And Breath of the Wild’s creatures retain that feeling of realism even while in combat. Like Link, most monsters in the game can pick up nearby weapons and shields. If a club is knocked out of a Bokoblin’s hand, it will run away, pick up another weapon, and wield it instead (a feature missing since The Legend of Zelda: Wind Waker). Many Bokoblins also throw rocks at Link, which make them dangerous at any distance, even when disarmed. Moreover, enemies can search for healing items to actually heal themselves. In most games, healing is limited to either a select few enemies who have innate healing abilities or to the game resetting an enemy’s position and health.
Breath of the Wild also provides novel means of combating it’s more intelligent enemies. Alongside the genre standards of charging headfirst into battle, sneaking around enemies, or stealthily picking off enemies one by one, players can take the time to explore their surroundings. You might come across a conspicuous boulder that can be rolled down a hill to kill a group of monsters. While games such as Just Cause 3 allow for such tactics, players usually find them less effective than using guns and grenades, but Breath of the Wild is balanced to make the boulder as viable an option as a sword, an axe, or even a Cucco. The ability to use the environment against your enemies is a breath of fresh air that deserves to be in more open-world games.
It’s dangerous to go alone, but also rewarding.
The joy of searching for collectibles hidden throughout the game is part of what helps make open-world titles as much fun as they are. These items can be out in the open or hidden in unexplored dungeons. Breath of the Wild is littered with treasure chests and items begging to be obtained. While players are free to search, the game makes sure to remind you that doing so can be dangerous. Occasionally, players will encounter blue enemies. These special opponents are more powerful than regular ones and are more than capable of killing you in one hit, especially during the first several hours.
In most games, such enemies are only slightly stronger than regular ones or reserved for later in the game, but Breath of the Wild manages to keep players on their toes, starting early on. Due to their placement and rarity, fighting blue enemies is never mandatory, and they do not make the game too difficult. Of course, gamers are more than capable of defeating blue enemies, either through skill or grinding, which gives the game a tangible feeling of risk vs. reward not seen in many open-world games, especially ones with level scaling or no levels at all.
While death may come easily, the game treats death as a learning experience. Many players can and will run out of stamina while climbing and/or paragliding and will quickly be reunited with the ground, usually with fatal consequences. Players can also drown due to running out of stamina while swimming, freeze because they forgot to eat a spicy meal or wear insulated clothing, fall to their death while climbing during a rain storm, or be struck by lightning while using a metal weapon, shield, or armor. Death can also come at the hands of enemies, especially blue ones. However, thanks to a very lenient save system, death while exploring is a learning experience rather than a punishment. Many games that have similar exploration mechanics have less lenient save systems that can easily wear on your patience, but Breath of the Wild lets gamers quickly pick up from where they left off, so they don’t make the same mistake twice.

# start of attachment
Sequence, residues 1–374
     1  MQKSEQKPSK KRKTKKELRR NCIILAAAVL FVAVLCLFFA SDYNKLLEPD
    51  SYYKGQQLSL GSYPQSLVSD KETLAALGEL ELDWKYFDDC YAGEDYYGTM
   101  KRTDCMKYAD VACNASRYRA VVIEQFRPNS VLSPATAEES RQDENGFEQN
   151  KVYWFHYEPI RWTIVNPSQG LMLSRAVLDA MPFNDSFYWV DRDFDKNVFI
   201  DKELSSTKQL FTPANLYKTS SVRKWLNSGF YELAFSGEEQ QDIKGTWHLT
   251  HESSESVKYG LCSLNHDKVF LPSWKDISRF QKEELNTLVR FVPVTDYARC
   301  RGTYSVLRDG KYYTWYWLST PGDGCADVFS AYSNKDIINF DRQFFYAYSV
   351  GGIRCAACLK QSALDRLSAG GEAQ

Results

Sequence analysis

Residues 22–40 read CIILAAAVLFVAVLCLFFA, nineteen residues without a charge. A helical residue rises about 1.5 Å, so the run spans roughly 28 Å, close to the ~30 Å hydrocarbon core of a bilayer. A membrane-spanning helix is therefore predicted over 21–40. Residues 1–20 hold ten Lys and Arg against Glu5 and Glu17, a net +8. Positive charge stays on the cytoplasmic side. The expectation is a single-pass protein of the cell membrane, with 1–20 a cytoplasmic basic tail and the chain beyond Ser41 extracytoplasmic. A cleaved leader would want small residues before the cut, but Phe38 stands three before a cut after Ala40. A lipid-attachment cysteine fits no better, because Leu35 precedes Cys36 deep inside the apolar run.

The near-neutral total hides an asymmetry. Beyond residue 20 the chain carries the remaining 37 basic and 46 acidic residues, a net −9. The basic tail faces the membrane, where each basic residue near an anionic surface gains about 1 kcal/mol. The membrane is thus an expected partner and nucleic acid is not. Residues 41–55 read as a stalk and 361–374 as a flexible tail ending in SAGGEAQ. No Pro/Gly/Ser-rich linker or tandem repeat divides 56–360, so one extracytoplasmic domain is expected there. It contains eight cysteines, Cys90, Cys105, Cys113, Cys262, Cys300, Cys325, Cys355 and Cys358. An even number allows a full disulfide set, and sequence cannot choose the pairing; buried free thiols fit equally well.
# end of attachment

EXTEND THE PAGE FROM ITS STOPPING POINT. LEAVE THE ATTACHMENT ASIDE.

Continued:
If Link can’t be a hero, he can always be a chef
Breath of the Wild is also the first Legend of Zelda game that does away with hearts. Health is still represented by the classic red hearts, but players can no longer find hearts in tall grass or pots. Instead, Link can only regain health by eating food. While this is par for the course in open-world games, Breath of the Wild improves on the formula by letting players also cook. Link can collect all sorts of items he can combine in a cooking pot to make various foods. Apples and mushrooms combine to create a healing apple and mushroom skewer, while hot peppers and meat can make a plate of spicy meat that heals and renders him temporarily immune to cold temperatures. Players have to discover which combinations work and which ones don’t. The game hints at several recipes, but nothing is spelled out. Normally, open-world games force players to rely on what they find or buy, and item recipes usually tell gamers exactly what items they need. But in Nintendo’s latest, players are free to experiment and create their own items. Half of the fun of the game is discovering all of the recipes.
A Breath of the Wild and of fresh air
The Legend of Zelda: Breath of the Wild takes systems from other games, refines them, and carefully integrates them to create a game that goes above and beyond other open-world titles. It shows that carefully mixing and improving disparate mechanics can create something truly memorable. In that respect, Breath of the Wild is similar to Borderlands (which mixed open-world exploration, FPS action, RPG leveling and skills, and a Diablo-esque loot mechanic) to great effect. To this day, many praise the Borderlands franchise for almost reinventing the FPS genre, and in time people will likely do the same with Breath of the Wild, its various mechanics breathing new life into the open-world genre.